The Department of Electronic and Electrical Engineering and the Department of Computer Science and Computer Engineering often suggest that students follow the IEEE (Institute of Electronic and Electrical Engineers) format.
IEEE is a society of societies. Different publications practices exist and different style manual are available. Some are listed below.
Some of these resources state that, when information is not included, the writer should consult the Chicago Manual of Style. The library has provided access to the electronic version of this tool, however, IEEE style requirement may diverge from this resource. When these two sources are in conflict, IEEE requirements are the appropriate choice.
Several other style guides are available if you search the IEEE site. Some are for specific journals. Some are for specific conferences. Remember, IEEE is a membership society that is made up of many distinct groups. IEEE also publishes materials for other organizations. Some IEEE conferences are simply hosted by IEEE but organized by other groups. So you will find CONFLICTING information.
IEEE uses an inverted title on the IEEE Explore platform to improve browsing of its extensive list of journals and conferences.
Most databases provided by the libraries have a "Cite" feature built in. Look for a link or button for citing. If the link is available, you will see a screen which provides a citation in your preferred format that you can cut and paste into your bibliography.
Many electronic resources offer citation creators and there are some that are freely available on the web. Feel free to use the links below at your convenience.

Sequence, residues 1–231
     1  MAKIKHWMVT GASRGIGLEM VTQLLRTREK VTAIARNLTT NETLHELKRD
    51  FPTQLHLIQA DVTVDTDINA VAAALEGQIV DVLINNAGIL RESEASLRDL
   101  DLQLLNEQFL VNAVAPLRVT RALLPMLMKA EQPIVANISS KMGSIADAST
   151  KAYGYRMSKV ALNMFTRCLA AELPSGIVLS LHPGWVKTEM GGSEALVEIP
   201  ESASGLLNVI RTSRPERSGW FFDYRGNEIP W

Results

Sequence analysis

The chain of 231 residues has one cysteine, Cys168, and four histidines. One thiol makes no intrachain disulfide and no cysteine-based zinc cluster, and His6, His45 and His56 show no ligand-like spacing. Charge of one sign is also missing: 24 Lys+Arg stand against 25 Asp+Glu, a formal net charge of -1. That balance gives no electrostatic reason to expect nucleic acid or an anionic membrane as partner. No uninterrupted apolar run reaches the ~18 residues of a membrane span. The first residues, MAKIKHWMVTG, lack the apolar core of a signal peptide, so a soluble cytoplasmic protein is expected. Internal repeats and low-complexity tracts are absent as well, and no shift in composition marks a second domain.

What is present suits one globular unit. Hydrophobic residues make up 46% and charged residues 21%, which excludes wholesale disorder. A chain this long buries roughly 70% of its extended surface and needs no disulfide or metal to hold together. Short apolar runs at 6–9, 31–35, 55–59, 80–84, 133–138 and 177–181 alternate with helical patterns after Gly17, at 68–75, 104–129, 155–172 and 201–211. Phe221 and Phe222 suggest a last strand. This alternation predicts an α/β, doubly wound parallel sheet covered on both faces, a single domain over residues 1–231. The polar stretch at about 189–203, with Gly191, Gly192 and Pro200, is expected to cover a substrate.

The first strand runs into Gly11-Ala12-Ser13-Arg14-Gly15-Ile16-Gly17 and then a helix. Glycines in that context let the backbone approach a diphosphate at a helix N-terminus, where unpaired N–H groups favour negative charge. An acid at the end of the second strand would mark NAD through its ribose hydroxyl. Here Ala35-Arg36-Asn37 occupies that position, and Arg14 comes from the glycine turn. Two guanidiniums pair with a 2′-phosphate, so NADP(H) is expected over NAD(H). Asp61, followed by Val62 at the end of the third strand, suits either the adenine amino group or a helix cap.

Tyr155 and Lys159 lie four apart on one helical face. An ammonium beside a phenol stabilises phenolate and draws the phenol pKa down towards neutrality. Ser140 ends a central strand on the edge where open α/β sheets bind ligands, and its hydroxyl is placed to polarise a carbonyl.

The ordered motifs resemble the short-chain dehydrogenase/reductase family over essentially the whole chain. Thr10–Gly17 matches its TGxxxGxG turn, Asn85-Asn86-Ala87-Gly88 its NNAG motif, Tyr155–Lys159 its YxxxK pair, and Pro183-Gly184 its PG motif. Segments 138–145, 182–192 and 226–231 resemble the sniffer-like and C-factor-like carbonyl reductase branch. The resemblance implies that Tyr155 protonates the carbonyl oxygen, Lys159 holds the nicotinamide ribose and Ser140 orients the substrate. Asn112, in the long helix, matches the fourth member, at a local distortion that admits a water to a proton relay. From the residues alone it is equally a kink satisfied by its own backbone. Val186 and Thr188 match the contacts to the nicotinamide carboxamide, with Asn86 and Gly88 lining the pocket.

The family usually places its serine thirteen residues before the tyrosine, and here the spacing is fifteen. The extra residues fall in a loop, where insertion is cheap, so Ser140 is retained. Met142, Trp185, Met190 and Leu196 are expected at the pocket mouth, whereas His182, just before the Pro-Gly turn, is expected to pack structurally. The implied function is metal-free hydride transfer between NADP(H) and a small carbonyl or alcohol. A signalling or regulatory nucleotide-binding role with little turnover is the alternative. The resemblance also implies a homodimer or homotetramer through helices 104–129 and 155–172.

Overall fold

However, make sure you carefully edit the results before you paste them into your bibliography, citation creators are not always perfect. Automatic citation generation is only as good as the details made available from the database.
"Common knowledge" -- you don't need to cite where you found "common knowledge". But what is "common knowledge"? Guess what -- it varies. Here is a safe definition, because you don't want to be accused of plagiarism.
Did you know it without looking it up? If you are just learning about your field, you should err on the side of caution. Better to cite something that didn't need a citation, then to be accused of plagiarism.
Would other people in the class know this? Common knowledge is based, to some extent, on what the "general practitioner" in the field would know. And what would be general knowledge for a practicing electrical engineer MAY NOT be common knowledge for a freshman engineering student.
Do you find the information in many PUBLISHED (not web pages) resources? Some experts say if you find it in 3 reference tools, no need to cite. Others say 5. If you don't have time to check that the information has been used in many different places, cite it. Play it safe. The citation can be easily removed later and until the paper is in it's final version, you will know where to go back and verify the information.